Not quite so amazing as Wool.
And yet, even though I wasn’t as blown away by Dust as I had hoped, I’m still quite in awe of Hugh Howey. Two years ago, he was just a guy who self-published a short story on Amazon. And these days, most people I know have at least heard of him, even if they haven’t read any of his books. He’s got a movie deal. He made a huge pile of money for Dust. So, good on you, Hugh. You deserve it.
I don’t want to get into details or spoilers, but I can easily say that Dust gives answers to almost all of the questions raised in the previous books. We find out a lot of “whys” and “hows” about life underground in Georgia. The action neatly jumps between Silos 17 & 18 (Juliette’s and Solo’s homes), as well as Silo 1, where Donald and Charlotte are still trying to piece the past several hundred years together.
And, I’ll admit, I was a bit bored for the first half of the book.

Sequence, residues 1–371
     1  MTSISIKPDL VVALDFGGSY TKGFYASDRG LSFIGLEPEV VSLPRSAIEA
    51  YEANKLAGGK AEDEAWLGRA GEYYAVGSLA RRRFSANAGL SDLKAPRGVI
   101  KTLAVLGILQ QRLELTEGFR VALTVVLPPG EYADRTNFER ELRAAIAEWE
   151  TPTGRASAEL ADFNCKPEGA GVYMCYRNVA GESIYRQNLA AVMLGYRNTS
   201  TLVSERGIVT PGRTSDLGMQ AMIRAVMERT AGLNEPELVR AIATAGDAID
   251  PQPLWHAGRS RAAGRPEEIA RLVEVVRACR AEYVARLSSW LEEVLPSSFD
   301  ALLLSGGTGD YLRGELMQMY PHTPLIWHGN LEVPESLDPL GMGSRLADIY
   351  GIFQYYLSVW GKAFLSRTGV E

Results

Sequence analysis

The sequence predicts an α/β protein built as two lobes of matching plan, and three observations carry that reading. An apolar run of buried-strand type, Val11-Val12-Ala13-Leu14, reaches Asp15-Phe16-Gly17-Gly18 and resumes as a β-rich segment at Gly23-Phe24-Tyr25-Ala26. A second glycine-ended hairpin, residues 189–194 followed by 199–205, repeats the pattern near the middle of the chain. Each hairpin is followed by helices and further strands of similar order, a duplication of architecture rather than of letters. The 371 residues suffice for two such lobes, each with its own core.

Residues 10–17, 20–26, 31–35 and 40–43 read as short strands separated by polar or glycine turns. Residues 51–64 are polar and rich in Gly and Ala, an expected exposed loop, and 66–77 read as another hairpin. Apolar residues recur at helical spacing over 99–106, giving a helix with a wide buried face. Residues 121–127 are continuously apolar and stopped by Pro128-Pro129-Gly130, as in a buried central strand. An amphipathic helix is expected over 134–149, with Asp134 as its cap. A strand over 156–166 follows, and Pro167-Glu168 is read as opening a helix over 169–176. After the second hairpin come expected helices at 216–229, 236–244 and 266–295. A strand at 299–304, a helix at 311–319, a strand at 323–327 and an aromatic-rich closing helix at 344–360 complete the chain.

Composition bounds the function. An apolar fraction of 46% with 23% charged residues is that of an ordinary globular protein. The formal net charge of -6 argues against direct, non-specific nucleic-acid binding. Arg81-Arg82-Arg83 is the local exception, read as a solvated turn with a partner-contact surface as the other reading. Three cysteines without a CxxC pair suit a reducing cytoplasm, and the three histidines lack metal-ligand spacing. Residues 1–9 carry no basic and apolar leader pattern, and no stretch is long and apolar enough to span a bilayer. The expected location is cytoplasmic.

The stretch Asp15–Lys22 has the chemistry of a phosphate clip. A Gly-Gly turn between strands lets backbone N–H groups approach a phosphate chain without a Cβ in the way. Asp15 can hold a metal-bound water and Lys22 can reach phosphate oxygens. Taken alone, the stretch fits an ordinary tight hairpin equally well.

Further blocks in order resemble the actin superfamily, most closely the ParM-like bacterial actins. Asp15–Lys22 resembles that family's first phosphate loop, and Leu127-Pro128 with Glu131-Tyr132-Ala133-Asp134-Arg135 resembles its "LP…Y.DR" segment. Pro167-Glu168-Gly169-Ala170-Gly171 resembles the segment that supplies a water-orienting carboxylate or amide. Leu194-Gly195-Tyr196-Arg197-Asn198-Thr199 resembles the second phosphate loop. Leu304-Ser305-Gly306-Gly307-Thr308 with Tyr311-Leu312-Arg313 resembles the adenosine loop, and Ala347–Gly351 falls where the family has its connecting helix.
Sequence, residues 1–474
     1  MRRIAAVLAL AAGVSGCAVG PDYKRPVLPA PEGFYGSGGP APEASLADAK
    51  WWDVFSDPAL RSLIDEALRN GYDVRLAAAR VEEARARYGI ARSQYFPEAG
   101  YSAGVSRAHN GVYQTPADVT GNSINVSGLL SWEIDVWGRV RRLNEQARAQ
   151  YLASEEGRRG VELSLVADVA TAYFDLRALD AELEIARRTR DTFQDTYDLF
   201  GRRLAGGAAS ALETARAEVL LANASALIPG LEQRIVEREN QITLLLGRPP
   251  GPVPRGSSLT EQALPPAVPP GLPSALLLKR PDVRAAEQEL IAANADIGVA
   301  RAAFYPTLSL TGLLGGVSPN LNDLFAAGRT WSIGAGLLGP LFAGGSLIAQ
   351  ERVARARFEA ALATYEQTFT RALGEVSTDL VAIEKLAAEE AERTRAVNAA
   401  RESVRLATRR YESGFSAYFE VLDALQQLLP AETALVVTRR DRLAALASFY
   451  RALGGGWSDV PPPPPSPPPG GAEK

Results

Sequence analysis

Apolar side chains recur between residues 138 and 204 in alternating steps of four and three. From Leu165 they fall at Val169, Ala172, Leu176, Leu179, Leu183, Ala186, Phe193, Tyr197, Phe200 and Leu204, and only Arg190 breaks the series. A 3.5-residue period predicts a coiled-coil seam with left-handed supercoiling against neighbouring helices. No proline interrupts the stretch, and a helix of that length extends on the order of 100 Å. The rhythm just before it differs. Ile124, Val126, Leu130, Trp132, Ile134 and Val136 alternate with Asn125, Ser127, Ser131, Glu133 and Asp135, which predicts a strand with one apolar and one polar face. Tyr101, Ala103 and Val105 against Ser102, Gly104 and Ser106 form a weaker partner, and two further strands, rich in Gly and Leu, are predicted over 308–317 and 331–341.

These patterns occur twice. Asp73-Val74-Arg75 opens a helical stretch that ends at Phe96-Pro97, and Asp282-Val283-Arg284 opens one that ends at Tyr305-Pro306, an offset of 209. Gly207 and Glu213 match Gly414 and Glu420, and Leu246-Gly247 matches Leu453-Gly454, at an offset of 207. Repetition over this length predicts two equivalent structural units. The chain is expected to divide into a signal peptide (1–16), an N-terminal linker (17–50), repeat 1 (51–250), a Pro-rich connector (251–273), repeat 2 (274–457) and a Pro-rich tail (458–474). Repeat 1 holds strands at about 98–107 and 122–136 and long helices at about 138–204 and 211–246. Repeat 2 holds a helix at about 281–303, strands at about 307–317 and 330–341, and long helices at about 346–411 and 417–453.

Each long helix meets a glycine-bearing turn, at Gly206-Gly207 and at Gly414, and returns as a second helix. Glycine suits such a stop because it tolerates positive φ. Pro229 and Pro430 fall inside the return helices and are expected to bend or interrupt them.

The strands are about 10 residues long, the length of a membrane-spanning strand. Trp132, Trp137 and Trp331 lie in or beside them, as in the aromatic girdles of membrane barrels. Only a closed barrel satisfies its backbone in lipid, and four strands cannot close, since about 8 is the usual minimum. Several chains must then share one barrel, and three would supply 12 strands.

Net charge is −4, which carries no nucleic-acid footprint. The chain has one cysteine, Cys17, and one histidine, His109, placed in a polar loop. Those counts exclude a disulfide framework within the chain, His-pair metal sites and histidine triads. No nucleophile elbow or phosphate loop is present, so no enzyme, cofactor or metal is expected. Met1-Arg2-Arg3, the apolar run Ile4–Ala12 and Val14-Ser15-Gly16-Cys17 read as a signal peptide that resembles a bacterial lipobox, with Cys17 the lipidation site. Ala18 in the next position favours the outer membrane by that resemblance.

Something happens, and I couldn’t put it down after that. I stayed up until the wee hours of the night (which I never do anymore), because I needed to know. I needed to know about the plan that Thurman and his cohorts dreamed up for the residents of the silos. Why are the silos ranked? How is the population control lottery arranged? What happens when a silo slips beyond the control of the men on shift in Silo 1? And what does WOOL mean, anyway?
Character wise, I was glad to have a lot of Juliette back in this book — I missed her in Shift. And was also glad to see Solo’s character really have a chance to grow into a strong presence, into a real father figure for the kids left alone in Silo 17. And it was exciting to read as Donald raced against the clock (as his health is clearly not going to improve while he hacks away into his bloody rags) to find out the truth, whereas I didn’t find Donald’s stuff too exciting in Shift. Will he and Charlotte ever find out if the blue sky they thought they saw was real? Will Donald’s true identity ever be revealed? Will Charlotte have to live in secrecy forever? Yikes. Way more exciting than whining about Helen and Anna and wondering about nanos.
All in all, I’m really glad I read the entire trilogy, which is something I haven’t had the pleasure of saying too frequently (I’m looking at you, Chemical Garden).